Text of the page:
CAMPBELLSVILLE, Ky. — Campbellsville University, in partnership with Lycan Geological of Williamson, W.Va., has been selected by the U.S. Department of Energy (DOE) as one of 22 recipients for grants to help communities develop a local energy action plan creating pathways to reduce air pollution, increase energy resilience, lower utility costs, grow the economy and create good-paying jobs.
“This $250,000 technical assistance is funded by the DOE’s ‘Communities LEAP’ pilot program,” said Holly Trowbridge, Campbellsville University’s director of corporate and foundation relations, who said this is a first-of-its-kind initiative designed to help energy-overburdened communities take direct control of their clean energy future.
The collaboration is seeking projects that can lead to new Campbellsville University programs to educate future leaders in the sustainable energy industry.
“We are constantly looking for new ways to perform research and educate our students,” said Dr. Donna Hedgepath, CU’s provost and vice president for academic affairs. “Bringing professionals together with university scientists can uncover new educational opportunities for future generations.”
Geologist Joe Lycan, who has extensive experience in the Appalachian coalfields, is the chief consultant for the project, developing collaborative partners in Logan and Mingo counties in West Virginia.
He credits West Virginia House of Delegates member Margitta Mazzocchi for having been instrumental in helping find the LEAP (local energy action plan) grant. “Delegate Mazzocchi brought this idea forward,” said Lycan. The grant can enable a team of science and community leaders to help the region work toward developing projects in independence and bring new educational opportunities to the region.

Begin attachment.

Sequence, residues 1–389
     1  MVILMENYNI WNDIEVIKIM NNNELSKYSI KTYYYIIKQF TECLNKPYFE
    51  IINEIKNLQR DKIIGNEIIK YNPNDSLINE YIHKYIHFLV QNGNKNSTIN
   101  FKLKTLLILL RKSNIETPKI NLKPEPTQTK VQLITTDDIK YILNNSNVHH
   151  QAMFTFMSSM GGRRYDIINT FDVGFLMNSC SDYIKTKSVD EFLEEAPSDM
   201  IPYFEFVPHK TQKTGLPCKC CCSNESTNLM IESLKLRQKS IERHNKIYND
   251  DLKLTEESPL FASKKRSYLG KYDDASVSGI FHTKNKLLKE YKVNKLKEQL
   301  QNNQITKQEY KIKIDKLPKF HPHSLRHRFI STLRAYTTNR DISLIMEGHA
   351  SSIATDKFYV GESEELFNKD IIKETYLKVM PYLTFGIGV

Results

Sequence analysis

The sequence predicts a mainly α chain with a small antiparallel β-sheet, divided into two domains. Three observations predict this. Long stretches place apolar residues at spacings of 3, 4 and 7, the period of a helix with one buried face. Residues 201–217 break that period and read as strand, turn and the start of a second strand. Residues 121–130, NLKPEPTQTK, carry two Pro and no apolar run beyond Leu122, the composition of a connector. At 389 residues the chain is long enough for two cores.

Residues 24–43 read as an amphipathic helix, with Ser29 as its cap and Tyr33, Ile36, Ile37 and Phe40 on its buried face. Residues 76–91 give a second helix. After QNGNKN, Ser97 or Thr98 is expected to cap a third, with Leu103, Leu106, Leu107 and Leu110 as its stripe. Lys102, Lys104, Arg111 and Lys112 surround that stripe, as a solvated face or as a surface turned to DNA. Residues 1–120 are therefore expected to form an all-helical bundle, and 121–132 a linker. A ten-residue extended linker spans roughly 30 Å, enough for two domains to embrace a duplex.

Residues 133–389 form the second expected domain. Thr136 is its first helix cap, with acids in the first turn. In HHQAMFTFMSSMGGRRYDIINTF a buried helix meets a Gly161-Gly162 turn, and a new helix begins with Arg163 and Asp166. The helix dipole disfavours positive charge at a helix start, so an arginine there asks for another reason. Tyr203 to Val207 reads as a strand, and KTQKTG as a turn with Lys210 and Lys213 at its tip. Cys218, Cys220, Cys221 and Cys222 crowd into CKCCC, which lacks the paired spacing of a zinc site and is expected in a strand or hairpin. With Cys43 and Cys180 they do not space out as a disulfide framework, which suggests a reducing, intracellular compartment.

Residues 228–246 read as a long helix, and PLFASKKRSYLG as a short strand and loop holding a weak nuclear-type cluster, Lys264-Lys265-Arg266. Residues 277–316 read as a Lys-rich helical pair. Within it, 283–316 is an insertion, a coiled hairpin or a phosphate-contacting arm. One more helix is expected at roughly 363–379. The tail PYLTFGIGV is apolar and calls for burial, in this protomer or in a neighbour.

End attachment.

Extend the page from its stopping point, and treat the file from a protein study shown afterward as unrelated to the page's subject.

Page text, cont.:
The Campbellsville U. grant will provide technical assistance for economic revitalization efforts in southern West Virginia and the Central Appalachian Basin.
“Among the ideas already being considered for research are an opportunity in critical mineral development, microgrid hydroelectric generation and the search for rare earth and critical mineral extraction,” Lycan said.
Rare Earth’s supply chain is responsible for some of the most important materials involved in electric vehicle production, battery making, renewable energy systems and technology manufacturing.
By providing targeted technical assistance, LEAP will open the door for communities to access additional DOE and other federal government funds, along with those included in the $1.3 trillion Bipartisan Infrastructure Law.
Campbellsville and the other 21 selected communities will work with DOE and its network of technical assistance providers to develop roadmaps for clean energy economic development pathways.
“The coalfields of Southern West Virginia and Eastern Kentucky are ripe for investment and growth,” said Dianna Barnett of the Logan County, W.Va. County Commission. “This grant will give us the technology support to demonstrate that resources are here waiting for the right projects to develop.”
Communities LEAP also implements the Administration’s Justice40 commitment, which aims to ensure that federal agencies deliver at least 40% of benefits from certain investments to disadvantaged communities and advances the work of the Interagency Working Group on Coal and Power Plant Communities, which focuses on delivering federal investment to hard-hit energy communities.
Communities LEAP is supported by six DOE offices: Energy Efficiency and Renewable Energy, Fossil Energy and Carbon Management, Electricity, Indian Energy, Policy, and Economic Impact and Diversity. More details can be found at www.energies.gov/communitiesLEAP.
Campbellsville University is a Kentucky-based Christian school with about 12,000 students.
—By Linda Waggener, freelance writer
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